Team:Wellesley Desyne/Eugenie


Wellesley HCI iGEM Team: Welcome



Eugenie is a multi-touch application for designing biological circuits using the programming language Eugene. The visual language we created for Eugenie allows synthetic biologists to harness the power of Eugene without having to write Eugene code. The application consists of three representations of the circuit: “TreeView,” “FlowView,” and “EugeneView.” The user can search through Clotho and iGEM databases to find the biological parts desired and can drag them to the workspace, graphically create Eugene rules, and view live-updating Eugene code for the circuit. After the user is done specifying a circuit, she or he can then view the search results, which display the possible permutations of a circuit based on a collection of parts. This process is meant to be iterative, so users can go back and add more properties and behavior specifications if they would like to prune the results.


The design process is divided into three main views: TreeView, FlowView, and EugeneView. A user starts by searching for parts from the Part Registry or their Clotho database and bringing them into their worskspace. In the TreeView, users can specify the order and structure of their design. The behavior of parts in the device is specified using the FlowView. Users specify structure and behavior using a visual language that we developed specifically for the application; the language utilizes SBOL symbols, an open-source standard for in silico representation of genetic designs. The EugeneView updates automatically throughout the design process, and users may click on individual parts in order to see the corresponding code highlighted in the EugeneView. Finally, users may view and export their results to a CSV or Pigeon files in the ResultsView.

Create the structure of the circuit in the TreeView.

Define rules between parts in the FlowView.

View live-updating Eugene code in the EugeneView.

Generate and export results in the ResultsView.


We implemented Eugenie using C#, XAML and the Surface SDK 2.0. We also used the MVC framework, Eugene for the creation of synthetic biology circuits, and Pigeon to display the circuits visually.


We had four goals in creating Eugenie:
  • Implementing top-down design
    We utilized the functionality of Eugene, a programming language that is used to implement top-down design of novel genetic circuits—design that begins by specifying devices and then instantiating parts.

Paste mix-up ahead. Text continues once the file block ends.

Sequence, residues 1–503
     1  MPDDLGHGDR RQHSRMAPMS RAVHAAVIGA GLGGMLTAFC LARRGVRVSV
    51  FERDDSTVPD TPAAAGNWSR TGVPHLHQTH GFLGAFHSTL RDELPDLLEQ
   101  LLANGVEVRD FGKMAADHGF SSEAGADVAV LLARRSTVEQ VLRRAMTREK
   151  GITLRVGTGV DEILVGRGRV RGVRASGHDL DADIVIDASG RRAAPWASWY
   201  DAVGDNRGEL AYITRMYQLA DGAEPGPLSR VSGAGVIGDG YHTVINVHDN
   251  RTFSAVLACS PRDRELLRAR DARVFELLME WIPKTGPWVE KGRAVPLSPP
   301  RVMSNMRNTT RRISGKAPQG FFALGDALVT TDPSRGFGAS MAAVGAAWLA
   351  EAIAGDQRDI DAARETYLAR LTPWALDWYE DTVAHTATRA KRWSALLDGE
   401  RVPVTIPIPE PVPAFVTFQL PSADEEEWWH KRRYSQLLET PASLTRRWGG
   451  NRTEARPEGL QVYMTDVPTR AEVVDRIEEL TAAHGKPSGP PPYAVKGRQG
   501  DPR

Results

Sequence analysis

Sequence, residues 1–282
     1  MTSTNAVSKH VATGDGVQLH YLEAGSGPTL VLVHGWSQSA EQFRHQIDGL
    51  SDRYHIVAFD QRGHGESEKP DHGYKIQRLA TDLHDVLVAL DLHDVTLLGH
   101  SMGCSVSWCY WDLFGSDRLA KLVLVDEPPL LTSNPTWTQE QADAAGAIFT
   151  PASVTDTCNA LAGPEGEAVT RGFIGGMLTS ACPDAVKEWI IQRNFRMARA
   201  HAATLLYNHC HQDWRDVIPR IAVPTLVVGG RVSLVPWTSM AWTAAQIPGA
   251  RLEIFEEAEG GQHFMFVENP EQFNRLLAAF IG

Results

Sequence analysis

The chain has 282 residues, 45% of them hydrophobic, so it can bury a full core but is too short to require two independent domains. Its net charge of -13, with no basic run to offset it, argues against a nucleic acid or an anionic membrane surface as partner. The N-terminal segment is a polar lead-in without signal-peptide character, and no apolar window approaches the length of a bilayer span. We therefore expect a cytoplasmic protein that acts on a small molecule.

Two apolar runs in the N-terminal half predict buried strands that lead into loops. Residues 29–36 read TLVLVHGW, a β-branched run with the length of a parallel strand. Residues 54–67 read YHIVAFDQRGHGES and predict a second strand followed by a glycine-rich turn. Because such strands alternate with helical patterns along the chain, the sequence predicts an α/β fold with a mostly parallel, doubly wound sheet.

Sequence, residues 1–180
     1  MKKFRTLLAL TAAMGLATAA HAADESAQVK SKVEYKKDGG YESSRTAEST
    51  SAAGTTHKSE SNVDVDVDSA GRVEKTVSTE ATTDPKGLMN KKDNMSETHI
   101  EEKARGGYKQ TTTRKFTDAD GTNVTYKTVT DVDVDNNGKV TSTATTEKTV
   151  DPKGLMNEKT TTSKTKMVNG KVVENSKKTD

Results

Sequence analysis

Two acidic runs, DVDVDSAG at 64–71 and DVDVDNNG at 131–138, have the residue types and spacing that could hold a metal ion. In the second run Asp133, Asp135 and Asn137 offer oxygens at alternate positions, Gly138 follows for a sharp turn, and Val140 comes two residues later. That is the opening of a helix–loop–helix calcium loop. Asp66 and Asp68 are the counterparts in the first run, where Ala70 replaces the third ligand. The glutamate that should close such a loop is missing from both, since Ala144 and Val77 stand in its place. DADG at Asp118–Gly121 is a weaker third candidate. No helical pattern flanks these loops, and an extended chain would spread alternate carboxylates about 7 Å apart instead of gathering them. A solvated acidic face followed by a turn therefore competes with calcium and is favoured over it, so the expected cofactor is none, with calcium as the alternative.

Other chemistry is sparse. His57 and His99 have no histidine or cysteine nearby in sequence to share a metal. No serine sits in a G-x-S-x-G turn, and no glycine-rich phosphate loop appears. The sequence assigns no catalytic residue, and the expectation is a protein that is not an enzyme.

• Enhancing sensemaking
    We implemented sliding panel views, which allow users the option to view multiple sets of information simultaneously or one set at a time, helping users understand the connection between the different types of presentation.
  • Supporting resource integration
    We give users the option to load parts from the parts registry, access parts in a Clotho database, or use a local database.
  • Fostering collaboration
    We used the Microsoft PixelSense, which allows multiple people to use Eugenie simultaneously.


Results showing users' experience with Eugenie.

We conducted user studies of Eugenie with members of the BU and MIT iGEM teams as well as with Wellesley College students; the majority of the 15 participants were biology or other science majors. Our study began with a brief introduction to the Eugene programming language, the visual language we had created, and the Eugenie user interface. Users were first tasked with interpreting genetic devices from our visual language and then translating SBOL representations of genetic devices into our visual language.

We next asked participants to use Eugenie to specify one of the genetic devices they had translated. Post task, participants rated the ease of understanding the visual language and of using the program. We also asked participants for their feedback on how the program could be improved.

The majority of users found it easier to create a device using Eugenie than to draw one by hand. Some participants also remarked that the multiple panels were helpful for understanding the device. Overall, users' response to Eugenie was positive, with many testers believing that Eugenie can become a great tool to help other young synthetic biologists with their research work.


Future Work

Our visual language
  • Supplement part information with additional information from previous iGEM projects and other synthetic biology databases
  • Allow users to access more parts from other synthetic biology databases
  • Expedite the process for synthetic biologists to create genetic circuits
  • Further incorporate the visual language we created into Eugenie's interface
  • Develop a companion web application to enable widespread access to Eugenie